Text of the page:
The Friday afternoon preceding the game 32 students, dressed in their oldest clothes, assembled at the freight yard. Four more soon arrived, the honor guard for Mr. Kleinheintz's sow, who had a stout rope around her neck. They had brought the pig from the farm in the back seat of an old Model T.
The freight agent, a stickler for the rules but delighted that there was a way to beat them, made out the waybill. It had the high simplicity of all classic language: "One car of stock and tenders, Madison to Minneapolis and return."
The pig was tied securely in one corner of a well-ventilated stock car. Two bushel baskets of food—pieces of cabbage, carrots, celery tops, stale bread and potato peelings salvaged from the garbage can of a fraternity house—and a big milk can of fresh water were placed near by.
Francis of Assisi could hardly have improved on the cosseting given the pig, whose every little whim was catered to. It was a fast freight and made only three or four stops, each of which gave the tenders (but not the pig) time to get out and jump around to get warmed up. Some of the lads had blankets, some had overcoats. There were three lanterns, which helped a few to play cards on the floor. Everyone brought a paper bag of lunch; leftovers went to the pig, who was not proud. Nobody slept. A Chi Psi had brought along a ukulele; everybody sang, and the pig felt at home.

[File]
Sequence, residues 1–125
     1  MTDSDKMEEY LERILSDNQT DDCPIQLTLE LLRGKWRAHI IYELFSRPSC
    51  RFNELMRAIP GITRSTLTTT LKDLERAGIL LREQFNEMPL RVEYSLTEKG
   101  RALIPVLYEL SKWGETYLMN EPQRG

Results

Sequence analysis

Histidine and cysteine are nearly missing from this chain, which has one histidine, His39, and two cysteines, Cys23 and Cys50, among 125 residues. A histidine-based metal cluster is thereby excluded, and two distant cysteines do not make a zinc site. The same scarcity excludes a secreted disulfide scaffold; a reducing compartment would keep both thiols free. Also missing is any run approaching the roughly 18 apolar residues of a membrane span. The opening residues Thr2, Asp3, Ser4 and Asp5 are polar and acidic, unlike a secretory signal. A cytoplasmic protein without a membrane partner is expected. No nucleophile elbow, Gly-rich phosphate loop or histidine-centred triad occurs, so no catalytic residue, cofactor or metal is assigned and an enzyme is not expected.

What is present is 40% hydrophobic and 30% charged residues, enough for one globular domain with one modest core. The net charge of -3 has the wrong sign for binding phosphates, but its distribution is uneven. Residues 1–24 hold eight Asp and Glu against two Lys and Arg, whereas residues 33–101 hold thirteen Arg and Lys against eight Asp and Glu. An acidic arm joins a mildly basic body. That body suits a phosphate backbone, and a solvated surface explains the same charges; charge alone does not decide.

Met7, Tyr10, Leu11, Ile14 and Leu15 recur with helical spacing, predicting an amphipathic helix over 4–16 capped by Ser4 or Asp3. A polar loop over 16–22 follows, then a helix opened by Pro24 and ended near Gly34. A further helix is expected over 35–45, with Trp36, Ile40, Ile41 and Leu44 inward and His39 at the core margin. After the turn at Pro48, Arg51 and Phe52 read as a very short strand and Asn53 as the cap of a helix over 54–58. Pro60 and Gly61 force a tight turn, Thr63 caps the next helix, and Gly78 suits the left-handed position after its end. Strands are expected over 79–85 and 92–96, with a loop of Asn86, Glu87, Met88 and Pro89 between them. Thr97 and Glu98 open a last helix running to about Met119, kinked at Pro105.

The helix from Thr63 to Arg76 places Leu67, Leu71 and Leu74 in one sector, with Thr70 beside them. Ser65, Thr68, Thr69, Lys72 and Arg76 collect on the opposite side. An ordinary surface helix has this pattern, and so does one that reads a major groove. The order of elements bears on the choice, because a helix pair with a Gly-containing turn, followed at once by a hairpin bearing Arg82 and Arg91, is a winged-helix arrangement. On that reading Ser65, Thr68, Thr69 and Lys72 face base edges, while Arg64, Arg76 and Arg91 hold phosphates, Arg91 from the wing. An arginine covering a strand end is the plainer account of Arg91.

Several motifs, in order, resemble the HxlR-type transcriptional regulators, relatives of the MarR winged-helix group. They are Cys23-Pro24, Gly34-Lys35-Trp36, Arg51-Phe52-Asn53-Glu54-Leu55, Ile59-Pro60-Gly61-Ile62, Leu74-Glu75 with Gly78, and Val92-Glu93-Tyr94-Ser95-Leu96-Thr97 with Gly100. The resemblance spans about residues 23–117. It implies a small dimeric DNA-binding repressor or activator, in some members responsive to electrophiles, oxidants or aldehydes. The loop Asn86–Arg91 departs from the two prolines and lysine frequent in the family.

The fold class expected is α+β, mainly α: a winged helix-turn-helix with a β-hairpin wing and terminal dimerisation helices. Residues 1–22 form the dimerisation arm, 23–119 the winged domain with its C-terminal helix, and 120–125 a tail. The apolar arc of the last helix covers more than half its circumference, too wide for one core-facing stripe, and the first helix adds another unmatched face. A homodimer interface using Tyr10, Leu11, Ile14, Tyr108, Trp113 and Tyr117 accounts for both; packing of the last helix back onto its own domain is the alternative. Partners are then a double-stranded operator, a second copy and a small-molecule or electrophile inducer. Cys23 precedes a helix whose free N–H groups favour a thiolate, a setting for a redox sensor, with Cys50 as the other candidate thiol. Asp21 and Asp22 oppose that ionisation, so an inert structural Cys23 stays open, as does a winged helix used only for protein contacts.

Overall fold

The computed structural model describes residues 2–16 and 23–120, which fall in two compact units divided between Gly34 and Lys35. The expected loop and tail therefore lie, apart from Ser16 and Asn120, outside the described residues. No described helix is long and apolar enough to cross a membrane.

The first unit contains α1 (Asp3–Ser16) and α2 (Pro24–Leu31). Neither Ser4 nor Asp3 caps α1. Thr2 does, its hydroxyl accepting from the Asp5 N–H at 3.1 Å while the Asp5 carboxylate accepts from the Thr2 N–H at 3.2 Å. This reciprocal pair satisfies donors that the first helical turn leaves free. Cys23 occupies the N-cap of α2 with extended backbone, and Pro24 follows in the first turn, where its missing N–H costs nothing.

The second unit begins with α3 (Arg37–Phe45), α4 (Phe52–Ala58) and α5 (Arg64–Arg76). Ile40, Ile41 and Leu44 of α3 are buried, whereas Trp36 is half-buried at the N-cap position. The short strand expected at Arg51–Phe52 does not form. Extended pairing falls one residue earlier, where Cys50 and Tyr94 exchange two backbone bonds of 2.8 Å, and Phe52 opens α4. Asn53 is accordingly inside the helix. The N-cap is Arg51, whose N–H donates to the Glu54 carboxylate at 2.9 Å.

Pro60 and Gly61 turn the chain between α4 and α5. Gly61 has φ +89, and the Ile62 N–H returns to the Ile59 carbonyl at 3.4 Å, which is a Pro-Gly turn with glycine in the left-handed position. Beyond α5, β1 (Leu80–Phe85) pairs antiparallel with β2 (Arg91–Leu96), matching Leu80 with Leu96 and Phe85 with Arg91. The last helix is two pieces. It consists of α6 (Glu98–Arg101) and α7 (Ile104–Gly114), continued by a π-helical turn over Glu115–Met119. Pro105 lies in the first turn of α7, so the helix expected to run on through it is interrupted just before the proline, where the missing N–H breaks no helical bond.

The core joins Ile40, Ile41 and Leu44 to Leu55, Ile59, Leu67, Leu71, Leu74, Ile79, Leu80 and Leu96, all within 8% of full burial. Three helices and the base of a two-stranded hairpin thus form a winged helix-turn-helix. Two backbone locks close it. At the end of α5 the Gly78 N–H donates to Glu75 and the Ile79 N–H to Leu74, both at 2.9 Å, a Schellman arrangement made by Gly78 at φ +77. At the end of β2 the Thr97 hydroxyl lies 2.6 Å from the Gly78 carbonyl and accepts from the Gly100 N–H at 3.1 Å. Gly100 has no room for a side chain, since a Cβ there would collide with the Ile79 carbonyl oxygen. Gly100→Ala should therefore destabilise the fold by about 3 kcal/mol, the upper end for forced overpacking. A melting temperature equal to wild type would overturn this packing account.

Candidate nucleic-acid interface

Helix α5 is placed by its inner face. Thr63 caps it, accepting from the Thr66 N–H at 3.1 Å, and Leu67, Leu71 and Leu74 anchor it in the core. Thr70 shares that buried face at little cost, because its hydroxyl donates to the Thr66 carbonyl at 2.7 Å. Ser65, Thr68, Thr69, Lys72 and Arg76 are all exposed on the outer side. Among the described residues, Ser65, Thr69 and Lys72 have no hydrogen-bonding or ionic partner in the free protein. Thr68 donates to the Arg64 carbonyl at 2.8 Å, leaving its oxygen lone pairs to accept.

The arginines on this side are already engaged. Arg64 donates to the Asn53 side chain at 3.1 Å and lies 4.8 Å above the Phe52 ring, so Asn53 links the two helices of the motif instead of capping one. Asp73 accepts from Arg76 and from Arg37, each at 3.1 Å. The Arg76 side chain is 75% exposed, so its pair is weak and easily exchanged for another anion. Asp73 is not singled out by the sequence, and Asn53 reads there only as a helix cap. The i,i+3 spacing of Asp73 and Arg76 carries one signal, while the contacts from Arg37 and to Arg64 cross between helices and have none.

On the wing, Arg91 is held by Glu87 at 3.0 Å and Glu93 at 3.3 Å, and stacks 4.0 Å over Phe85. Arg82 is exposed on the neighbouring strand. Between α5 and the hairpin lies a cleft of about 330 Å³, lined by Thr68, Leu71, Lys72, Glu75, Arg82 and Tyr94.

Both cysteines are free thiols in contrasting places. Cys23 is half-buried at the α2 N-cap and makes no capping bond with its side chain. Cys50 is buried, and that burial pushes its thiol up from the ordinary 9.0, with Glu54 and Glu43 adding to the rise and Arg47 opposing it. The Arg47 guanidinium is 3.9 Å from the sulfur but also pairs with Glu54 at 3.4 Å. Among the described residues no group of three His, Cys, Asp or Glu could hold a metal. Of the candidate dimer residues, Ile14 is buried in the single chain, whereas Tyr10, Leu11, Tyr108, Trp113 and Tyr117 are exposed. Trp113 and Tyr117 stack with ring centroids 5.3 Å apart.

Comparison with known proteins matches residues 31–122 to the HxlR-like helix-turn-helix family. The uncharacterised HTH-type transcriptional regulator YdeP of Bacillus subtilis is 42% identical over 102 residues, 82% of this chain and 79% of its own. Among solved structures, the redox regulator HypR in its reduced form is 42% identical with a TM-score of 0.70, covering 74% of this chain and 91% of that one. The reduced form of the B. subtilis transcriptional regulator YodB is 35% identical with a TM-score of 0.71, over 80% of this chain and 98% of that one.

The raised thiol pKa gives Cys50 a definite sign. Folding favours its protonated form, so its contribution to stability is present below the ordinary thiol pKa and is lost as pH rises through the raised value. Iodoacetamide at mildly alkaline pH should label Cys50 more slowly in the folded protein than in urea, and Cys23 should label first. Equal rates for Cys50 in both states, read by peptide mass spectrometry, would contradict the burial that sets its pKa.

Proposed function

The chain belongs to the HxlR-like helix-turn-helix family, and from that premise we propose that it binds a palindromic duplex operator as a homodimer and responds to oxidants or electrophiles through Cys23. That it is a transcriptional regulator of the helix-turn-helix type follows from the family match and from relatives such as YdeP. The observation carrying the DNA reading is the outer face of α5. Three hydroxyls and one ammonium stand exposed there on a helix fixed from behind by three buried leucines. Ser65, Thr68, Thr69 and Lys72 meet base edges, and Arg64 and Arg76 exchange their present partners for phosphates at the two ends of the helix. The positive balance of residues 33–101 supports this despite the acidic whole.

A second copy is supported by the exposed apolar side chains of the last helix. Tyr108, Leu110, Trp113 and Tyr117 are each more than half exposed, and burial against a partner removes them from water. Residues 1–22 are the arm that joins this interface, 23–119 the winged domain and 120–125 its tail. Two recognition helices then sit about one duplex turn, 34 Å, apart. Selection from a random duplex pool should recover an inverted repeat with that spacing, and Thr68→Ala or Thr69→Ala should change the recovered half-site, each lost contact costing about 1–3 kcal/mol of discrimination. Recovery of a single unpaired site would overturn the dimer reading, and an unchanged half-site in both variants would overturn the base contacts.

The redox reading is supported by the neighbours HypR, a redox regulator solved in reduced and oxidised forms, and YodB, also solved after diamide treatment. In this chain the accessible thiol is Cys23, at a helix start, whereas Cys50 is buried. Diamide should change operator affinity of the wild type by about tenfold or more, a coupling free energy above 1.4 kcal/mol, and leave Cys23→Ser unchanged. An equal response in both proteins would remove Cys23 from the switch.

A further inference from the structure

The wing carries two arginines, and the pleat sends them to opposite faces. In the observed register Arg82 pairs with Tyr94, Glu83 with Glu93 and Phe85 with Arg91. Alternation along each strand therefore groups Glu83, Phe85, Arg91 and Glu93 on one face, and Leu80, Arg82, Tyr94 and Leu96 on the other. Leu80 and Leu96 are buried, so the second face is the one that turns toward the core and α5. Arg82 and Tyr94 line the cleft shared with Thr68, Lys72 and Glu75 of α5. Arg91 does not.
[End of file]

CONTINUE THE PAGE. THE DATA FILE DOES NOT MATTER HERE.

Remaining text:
The freight train rolled into Minneapolis. The sportsmen went to a restaurant for a 45� breakfast of hot cereal, ham and eggs, toast and jam and coffee. A few of the purse-proud and greedy spent 90� on two breakfasts. The pig breakfasted in the car.
It was a happy caper, even though Wisconsin was swamped by Minnesota in the football game.
Back in Madison at 5 o'clock Sunday morning, the pig was returned to Farmer Kleinheintz, who refunded $3. The railway freight agent had been paid in advance, and when the cost was prorated it figured out to $4.60 each.
Since 1916 I have not missed a Wisconsin-Minnesota football game either at Madison or Minneapolis. Once I traveled 1,500 miles to get back for the game. Even during World War I service, while on leave, I saw the game.
Today the boys go to the game by train or plane or convertible. So do I—but it is not the same without a pig.